6 Design Principles for eLearning
Gone are the days when learning was confined to classrooms filled with rows of clunky desktop computers. Smartphones, tablets, and modern technology in general have made online learning, also known as eLearning, accessible to everyone.
With this in mind, UX designers need to consider certain design elements that will ensure effective learning regardless of device. One of the main factors to impact effective learning is the struggle to retain information when you’re overwhelmed by too much text, too many visuals, or both.
We looked into how this need for simplicity impacts the six eLearning design principles – which take into account wider adult learning theories as well as general best practices for eLearning design.
1. Multimedia Principle
For learning, using a combination of media types is more effective than using text alone. But beware, research shows that using irrelevant graphics can actually impair learning.
A combination of relevant visual, audio and textual content works well; however, the most effective pairing is visual and audio together. Bear in mind that people can generally only pay attention to one visual and one audio element at a given time, so try to keep it simple.
This is a good example of an interface applying the multimedia design principle effectively by using a combination of one audio and one visual element per frame. The audio graphic in the third frame is directly relevant to the task requiring users to listen to a spoken sentence. This allows users to focus on one task at a time and reinforces their learning.
2. Contiguity Principle
Because eLearning often takes place within a scrollable interface, the tighter the text-graphic alignment, the easier it is for users to understand the relationship between each element.
The psychology behind this principle is that the less space there is between an image and its description, the less work there is for the learner’s brain.
The tight alignment of image and text in the third frame applies the contiguity principle, plus the connection between the two is easy to grasp. Instead of cluttering the scrollable screen with too much information, this interface is designed so that learners can simply press a button to move on to the next exercise.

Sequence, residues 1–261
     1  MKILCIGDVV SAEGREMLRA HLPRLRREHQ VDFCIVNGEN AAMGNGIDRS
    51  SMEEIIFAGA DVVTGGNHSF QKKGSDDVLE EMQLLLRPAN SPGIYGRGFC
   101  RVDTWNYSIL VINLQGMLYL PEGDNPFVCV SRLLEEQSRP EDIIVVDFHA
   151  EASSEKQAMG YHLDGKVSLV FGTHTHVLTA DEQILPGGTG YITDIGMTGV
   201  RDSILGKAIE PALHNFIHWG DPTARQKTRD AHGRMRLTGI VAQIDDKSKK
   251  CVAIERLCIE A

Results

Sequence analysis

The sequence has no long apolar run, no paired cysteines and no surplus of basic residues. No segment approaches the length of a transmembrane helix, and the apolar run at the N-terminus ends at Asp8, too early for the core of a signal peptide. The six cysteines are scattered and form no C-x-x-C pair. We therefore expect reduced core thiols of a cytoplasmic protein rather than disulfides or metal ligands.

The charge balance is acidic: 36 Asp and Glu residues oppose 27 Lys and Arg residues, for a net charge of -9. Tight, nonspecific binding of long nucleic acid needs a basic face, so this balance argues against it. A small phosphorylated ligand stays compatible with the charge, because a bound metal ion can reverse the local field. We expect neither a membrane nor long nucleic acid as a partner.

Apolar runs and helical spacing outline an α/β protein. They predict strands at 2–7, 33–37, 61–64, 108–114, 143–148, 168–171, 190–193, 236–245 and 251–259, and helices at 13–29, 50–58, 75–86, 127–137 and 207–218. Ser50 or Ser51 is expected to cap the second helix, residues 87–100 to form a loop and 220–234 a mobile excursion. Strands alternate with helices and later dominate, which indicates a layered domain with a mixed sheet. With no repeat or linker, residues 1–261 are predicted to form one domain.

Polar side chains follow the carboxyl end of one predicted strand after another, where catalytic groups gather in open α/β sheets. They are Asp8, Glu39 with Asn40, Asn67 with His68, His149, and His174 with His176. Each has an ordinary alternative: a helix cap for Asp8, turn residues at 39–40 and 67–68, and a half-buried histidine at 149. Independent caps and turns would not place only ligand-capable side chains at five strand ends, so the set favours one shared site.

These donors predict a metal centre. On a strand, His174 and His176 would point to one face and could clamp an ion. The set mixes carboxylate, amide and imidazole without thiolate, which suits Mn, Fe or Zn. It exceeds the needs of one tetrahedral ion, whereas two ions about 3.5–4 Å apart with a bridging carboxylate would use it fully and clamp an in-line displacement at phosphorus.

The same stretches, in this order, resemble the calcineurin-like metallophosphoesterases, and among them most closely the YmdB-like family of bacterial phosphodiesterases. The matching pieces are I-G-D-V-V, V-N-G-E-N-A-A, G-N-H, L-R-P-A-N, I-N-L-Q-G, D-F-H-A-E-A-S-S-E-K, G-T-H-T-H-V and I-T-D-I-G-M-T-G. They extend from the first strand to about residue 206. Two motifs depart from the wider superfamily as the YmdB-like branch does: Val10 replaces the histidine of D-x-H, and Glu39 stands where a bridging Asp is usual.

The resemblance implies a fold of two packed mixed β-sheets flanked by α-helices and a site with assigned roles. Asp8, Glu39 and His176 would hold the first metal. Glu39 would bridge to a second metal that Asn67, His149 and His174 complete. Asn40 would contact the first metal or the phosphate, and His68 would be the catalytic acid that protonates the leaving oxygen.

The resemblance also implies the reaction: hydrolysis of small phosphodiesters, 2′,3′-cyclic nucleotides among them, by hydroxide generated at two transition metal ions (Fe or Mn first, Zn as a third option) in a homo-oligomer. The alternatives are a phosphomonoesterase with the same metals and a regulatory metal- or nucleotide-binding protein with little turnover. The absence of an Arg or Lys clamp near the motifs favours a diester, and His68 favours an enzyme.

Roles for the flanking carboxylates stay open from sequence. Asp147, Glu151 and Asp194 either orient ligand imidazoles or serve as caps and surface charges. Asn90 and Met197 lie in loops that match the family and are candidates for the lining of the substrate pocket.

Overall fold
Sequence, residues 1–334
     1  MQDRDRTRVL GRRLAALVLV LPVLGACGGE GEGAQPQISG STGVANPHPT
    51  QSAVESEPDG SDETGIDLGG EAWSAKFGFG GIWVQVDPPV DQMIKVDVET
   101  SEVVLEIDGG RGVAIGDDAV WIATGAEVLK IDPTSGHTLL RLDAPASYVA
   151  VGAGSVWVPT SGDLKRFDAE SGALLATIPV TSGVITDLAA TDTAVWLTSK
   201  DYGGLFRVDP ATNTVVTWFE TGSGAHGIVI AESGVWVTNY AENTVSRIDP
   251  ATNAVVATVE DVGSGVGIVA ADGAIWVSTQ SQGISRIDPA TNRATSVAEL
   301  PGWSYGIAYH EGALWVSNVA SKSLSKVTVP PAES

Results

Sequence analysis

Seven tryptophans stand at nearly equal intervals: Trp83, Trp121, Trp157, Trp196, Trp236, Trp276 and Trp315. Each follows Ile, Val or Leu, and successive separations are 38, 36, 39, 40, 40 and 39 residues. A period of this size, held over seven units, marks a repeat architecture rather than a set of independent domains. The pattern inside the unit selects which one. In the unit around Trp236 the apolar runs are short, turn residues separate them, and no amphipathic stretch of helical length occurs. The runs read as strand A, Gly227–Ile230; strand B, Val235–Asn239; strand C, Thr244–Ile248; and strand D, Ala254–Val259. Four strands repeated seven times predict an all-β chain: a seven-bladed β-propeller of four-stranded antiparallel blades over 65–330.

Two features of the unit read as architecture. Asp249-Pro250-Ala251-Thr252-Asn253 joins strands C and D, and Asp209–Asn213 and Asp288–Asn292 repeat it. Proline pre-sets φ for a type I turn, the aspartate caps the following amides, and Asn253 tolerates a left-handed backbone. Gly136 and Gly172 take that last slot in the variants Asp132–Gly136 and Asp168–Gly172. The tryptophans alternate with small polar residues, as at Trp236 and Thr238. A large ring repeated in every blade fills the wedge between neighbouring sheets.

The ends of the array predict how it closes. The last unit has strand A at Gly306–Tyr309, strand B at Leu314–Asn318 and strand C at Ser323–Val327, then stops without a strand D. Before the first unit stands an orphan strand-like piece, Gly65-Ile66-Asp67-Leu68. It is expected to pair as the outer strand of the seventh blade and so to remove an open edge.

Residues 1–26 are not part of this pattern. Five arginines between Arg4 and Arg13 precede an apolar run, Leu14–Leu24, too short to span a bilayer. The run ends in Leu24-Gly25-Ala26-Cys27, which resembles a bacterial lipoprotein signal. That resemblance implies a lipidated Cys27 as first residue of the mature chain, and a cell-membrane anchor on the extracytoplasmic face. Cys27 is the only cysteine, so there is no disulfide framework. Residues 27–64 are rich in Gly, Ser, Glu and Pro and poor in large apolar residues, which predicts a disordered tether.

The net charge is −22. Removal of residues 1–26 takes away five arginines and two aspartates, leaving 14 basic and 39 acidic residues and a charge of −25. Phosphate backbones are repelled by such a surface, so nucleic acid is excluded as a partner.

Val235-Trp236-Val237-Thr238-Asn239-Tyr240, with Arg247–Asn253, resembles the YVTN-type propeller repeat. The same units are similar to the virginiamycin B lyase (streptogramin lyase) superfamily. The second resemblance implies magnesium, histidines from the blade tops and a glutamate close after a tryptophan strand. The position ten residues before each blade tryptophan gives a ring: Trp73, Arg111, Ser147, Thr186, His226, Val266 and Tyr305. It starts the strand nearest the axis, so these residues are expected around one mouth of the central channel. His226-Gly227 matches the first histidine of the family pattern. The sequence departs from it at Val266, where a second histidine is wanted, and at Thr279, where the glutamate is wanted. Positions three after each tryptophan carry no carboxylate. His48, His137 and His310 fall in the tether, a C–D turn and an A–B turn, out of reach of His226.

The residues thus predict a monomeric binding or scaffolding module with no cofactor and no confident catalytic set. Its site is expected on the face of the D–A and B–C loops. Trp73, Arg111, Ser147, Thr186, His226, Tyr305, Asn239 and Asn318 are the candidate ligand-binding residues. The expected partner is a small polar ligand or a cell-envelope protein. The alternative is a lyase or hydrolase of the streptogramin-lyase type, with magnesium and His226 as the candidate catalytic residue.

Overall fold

3. Modality Principle
The way you present information should be dependant on how complex the information is. For example, if you’re trying to explain a complicated process, it may be more effectively conveyed in a visual format so you can avoid potential ‘information overload’.
5-Minute Clinical Consult
This is a good example of an interface applying the modality principle; a complex concept (irregular heartbeat) is being explained using a graph for users looking to find medical diagnoses. A simple and clear flow chart makes it easier for non-medical professionals to understand an otherwise complicated medical diagnosis.
4. Redundancy Principle
As with the Modality Principle, the way you present information also directly impacts learning. The elements you don’t include are just as important as the ones you do include.
Over-explaining or including too many types of media may overwhelm the user, so get rid of whatever isn’t necessary.
Here’s a ‘Skill Pill’ for the army that teaches basic medical skills for soldiers to use in the field. The interface allows learners to effectively ‘learn by doing’ and apply concepts presented in previous sessions without real-life consequences. This design is an example of the redundancy principle combined with the modality principle as the action required is simple and straightforward and needs minimal text and more visuals.
5. Coherence Principle
As a designer, you should use the same formatting throughout your interface and bear in mind that when learning is the objective, ‘less is more.’
Any unnecessary visuals or sounds added to a website are called ‘seductive details’ and must be avoided in eLearning. This content will most likely distract the user and take away from the rest of the educational content. A prime example of this is an interface that auto-plays content or ads.
The ‘Discover’ page here is potentially distracting since there is a lot of video recommendations matching popular search themes. Skill Pill counters this cleverly by placing the search bar at the top of the page. Also, the color schemes of the videos and recommended content are consistent, which applies the coherence principle well and makes it less likely that users will be seduced by irrelevant content below.
6. Personalization Principle
People generally absorb information more effectively when they feel like there’s a ‘human’ element included and when content is personalized, conversational and informal.
A good way to implement this principle would be to incorporate an optional ‘virtual teacher’ to guide and support learners. Designers should consider the potential distractions that pop up content might create though – we all clicked Clippy away aggressively at some point, right?
Generally, adults learn best in an environment when they are given only the essential pieces information needed to understand a concept; simplicity and clarity are key.
The most important principles to remember when designing for effective eLearning are:
- Only use visuals when they add to the lesson being taught
- People can only pay attention to one visual and one audio element at a time
- Don’t overuse media, this will distract and overwhelm your users
- Add a ‘human’ element in your design and consider a ‘virtual instructor’ that addresses users in first or second person.
What do you think is the most important element for effective eLearning? Let us know in the comments or tweet us @usabilla!